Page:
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Selection-free screening protocol for plant transformation: an open-source platform for plant biotechnology The GusPlus ™ project PowerPoint PPT Presentation

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Selection-free screening protocol for plant transformation: an open-source platform for plant biotechnology The GusPlus ™ project. A new GUS gene, Available under BIOS TM licensing, Pioneering use of the BioForge TM concept. TM. GUSPlus TM as a selectable marker. Premise:

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Selection-free screening protocol for plant transformation: an open-source platform for plant biotechnology The GusPlus ™ project

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Selection-free screening protocol for plant transformation: an open-source platform for plant biotechnologyThe GusPlus™ project

A new GUS gene,

Available under BIOSTM licensing,

Pioneering use of the BioForgeTM concept


GUSPlusTM as a selectable marker


Based on our observations, plant tissues could survive and continue to regenerate after incubation in a low concentration X-GlcA solution, and potentially in the presence of the end product of GUS cleavage (indigo).

Why avoid herbicide/antibiotic selection?

  • Lack of freedom to operate (FTO)

  • Horizontal gene transfer to weedy relatives or other biota

  • Herbicide/antibiotic may have negative effect on transformation efficiency

  • Cytotoxic treatments in culture may create unacceptable epigenetic or genetic variability

Removal of herbicide/antibiotic resistance genes from GM plants

  • Separate T-DNA for gene-of-interest and selection marker, followed by segregation in subsequent generations (Komari T, Hiei Y, Saito Y, Murai N, Kumashiro T (1996) Plant J 10:165-174 )

  • Recombinases, such as Cre/lox recombination system (Hajdukiewicz, P.T., Gilbertson, L.A. and Staub, J.M. (2001) Plant J. 27: 161–170.)

A number of approaches have been used:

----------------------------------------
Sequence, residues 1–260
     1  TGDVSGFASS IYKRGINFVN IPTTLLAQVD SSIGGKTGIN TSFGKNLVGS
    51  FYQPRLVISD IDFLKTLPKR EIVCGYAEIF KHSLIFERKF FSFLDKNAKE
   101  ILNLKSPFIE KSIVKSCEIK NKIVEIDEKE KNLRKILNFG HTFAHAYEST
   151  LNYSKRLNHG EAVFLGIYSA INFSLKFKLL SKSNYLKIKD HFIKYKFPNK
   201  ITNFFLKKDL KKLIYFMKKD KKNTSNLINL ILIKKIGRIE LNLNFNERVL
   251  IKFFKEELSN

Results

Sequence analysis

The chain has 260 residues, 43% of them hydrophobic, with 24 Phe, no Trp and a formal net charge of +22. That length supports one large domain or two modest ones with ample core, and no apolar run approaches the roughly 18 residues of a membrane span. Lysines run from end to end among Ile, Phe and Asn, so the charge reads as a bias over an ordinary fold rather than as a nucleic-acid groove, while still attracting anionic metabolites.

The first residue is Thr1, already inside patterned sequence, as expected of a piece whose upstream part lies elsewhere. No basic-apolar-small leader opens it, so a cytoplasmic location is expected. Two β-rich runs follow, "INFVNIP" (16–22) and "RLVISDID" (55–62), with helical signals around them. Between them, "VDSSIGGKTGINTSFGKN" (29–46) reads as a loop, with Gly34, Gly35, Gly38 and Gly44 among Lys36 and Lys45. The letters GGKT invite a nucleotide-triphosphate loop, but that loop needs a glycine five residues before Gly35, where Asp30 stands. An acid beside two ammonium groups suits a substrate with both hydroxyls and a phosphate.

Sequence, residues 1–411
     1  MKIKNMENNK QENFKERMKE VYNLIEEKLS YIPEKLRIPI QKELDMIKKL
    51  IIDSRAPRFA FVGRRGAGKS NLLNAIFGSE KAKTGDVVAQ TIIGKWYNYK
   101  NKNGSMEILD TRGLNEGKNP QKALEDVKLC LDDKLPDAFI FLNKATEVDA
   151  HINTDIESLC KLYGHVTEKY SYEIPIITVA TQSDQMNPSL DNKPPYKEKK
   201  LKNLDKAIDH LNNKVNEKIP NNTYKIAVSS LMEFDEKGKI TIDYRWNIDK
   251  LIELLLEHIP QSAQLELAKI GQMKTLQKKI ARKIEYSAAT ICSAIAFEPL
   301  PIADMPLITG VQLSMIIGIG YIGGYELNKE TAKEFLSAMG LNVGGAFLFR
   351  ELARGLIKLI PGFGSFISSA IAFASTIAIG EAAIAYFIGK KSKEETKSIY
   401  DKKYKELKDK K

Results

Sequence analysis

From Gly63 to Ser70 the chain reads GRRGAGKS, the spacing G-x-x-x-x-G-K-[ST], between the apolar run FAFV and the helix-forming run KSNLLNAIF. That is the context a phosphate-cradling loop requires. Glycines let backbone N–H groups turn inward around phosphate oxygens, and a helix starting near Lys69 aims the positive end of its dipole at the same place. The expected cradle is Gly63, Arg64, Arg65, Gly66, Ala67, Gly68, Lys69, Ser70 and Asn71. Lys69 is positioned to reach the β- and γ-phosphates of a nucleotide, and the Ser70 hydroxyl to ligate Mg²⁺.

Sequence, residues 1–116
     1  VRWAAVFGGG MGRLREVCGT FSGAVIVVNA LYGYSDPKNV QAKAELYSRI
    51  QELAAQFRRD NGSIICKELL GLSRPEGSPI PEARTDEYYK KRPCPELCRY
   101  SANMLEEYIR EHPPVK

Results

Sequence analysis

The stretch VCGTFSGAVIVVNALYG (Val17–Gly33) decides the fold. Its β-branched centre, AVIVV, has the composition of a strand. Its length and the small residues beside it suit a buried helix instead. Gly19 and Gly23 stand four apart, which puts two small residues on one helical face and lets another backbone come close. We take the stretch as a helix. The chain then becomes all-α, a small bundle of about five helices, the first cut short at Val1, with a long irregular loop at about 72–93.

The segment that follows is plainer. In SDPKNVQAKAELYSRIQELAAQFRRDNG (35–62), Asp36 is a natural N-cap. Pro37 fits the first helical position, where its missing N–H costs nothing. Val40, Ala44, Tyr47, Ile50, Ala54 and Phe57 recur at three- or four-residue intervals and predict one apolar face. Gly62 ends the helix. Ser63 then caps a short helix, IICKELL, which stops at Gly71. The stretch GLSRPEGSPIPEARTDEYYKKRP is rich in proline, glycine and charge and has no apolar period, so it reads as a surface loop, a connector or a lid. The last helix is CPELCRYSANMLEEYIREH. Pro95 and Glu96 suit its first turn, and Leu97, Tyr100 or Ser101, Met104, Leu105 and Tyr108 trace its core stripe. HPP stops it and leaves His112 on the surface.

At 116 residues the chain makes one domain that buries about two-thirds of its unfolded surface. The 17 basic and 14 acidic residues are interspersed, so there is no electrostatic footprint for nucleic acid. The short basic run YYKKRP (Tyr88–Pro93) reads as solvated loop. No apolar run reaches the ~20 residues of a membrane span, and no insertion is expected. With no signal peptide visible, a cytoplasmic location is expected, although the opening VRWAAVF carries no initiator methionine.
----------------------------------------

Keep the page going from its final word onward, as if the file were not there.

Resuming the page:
Non-herbicide/antibiotic resistance gene approaches

  • Betaine aldehyde dehydrogenase (BADH) (Daniell et al., 2001 Curr. Genet. 39: 109-116.)

  • Phosphomannose isomerase (Joersbo et al., 1998 Mol. Breeding 4:111-117)

  • Ac-isopentenyl isomerase (Ebinuma et al., 1997 Proc. Natl. Acad. Sci. 94: 2117-2121)

  • PCR (Popelka et al., 2003 Transgenic Res 12(5):587-96;De Vetten et al., 2003 Nat. Biotechnol., 21(4): 439-442)

  • GFP (Jordan 2000 Pl. Cell Rep. 19:1069-1075; Zhang et al., 2001 Mol. Biotechnol. 17:109-117)

GusPlusTM approach

  • Three model crops: Arabidopsis, rice and tobacco.

  • Mono- and dicotyledonous species

  • Three different transformation systems:

    • Floral dip

    • Leaf disc

    • Callus

GUSPlusTM vectors

Hyg (R)



CAT intron



Hyg (R)




CAT intron



Tobacco ‘selection’ strategy

  • Co-cultivate leaf discs with Agrobacterium

  • Transfer to regeneration media containing anti-bacterial agents but no selection agent

  • At various time points incubate tobacco callus or shoots in X-GlcA (200ug/ml)

  • ‘Select’ blue-stained tissues for regeneration

Selection of transgenic tobacco plants using GUSPlusTM





Tobacco callus (upper left) or tobacco shoot (lower left) showing GUS expression (arrow) after incubation

with low concentration X-GlcA. These tissues regenerated into plantlets whose leaves also expressed GUS

(upper and lower right).

Summary of GUSPlusTM selection for transgenic tobacco plants

Rice selection strategy

  • Co-cultivate rice calli with Agrobacterium.

  • Transfer to callus growth media containing anti-bacterial agents but no selection agent.